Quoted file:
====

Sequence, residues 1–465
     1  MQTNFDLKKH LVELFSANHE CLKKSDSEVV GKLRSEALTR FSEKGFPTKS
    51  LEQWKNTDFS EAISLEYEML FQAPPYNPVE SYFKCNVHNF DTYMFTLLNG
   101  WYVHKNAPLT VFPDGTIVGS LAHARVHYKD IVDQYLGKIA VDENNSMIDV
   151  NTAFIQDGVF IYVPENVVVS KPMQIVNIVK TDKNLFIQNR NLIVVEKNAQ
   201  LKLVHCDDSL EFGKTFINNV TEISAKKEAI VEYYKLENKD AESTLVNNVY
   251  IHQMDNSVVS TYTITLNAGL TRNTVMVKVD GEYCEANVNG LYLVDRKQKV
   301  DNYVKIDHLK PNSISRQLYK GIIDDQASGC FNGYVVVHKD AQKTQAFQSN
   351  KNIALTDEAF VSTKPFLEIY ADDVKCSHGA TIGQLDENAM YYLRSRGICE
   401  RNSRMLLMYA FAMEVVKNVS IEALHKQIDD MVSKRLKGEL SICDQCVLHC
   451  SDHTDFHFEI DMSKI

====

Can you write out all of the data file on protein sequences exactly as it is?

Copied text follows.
Sequence, residues 1–465
     1  MQTNFDLKKH LVELFSANHE CLKKSDSEVV GKLRSEALTR FSEKGFPTKS
    51  LEQWKNTDFS EAISLEYEML FQAPPYNPVE SYFKCNVHNF DTYMFTLLNG
   101  WYVHKNAPLT VFPDGTIVGS LAHARVHYKD IVDQYLGKIA VDENNSMIDV
   151  NTAFIQDGVF IYVPENVVVS KPMQIVNIVK TDKNLFIQNR NLIVVEKNAQ
   201  LKLVHCDDSL EFGKTFINNV TEISAKKEAI VEYYKLENKD AESTLVNNVY
   251  IHQMDNSVVS TYTITLNAGL TRNTVMVKVD GEYCEANVNG LYLVDRKQKV
   301  DNYVKIDHLK PNSISRQLYK GIIDDQASGC FNGYVVVHKD AQKTQAFQSN
   351  KNIALTDEAF VSTKPFLEIY ADDVKCSHGA TIGQLDENAM YYLRSRGICE
   401  RNSRMLLMYA FAMEVVKNVS IEALHKQIDD MVSKRLKGEL SICDQCVLHC
   451  SDHTDFHFEI DMSKI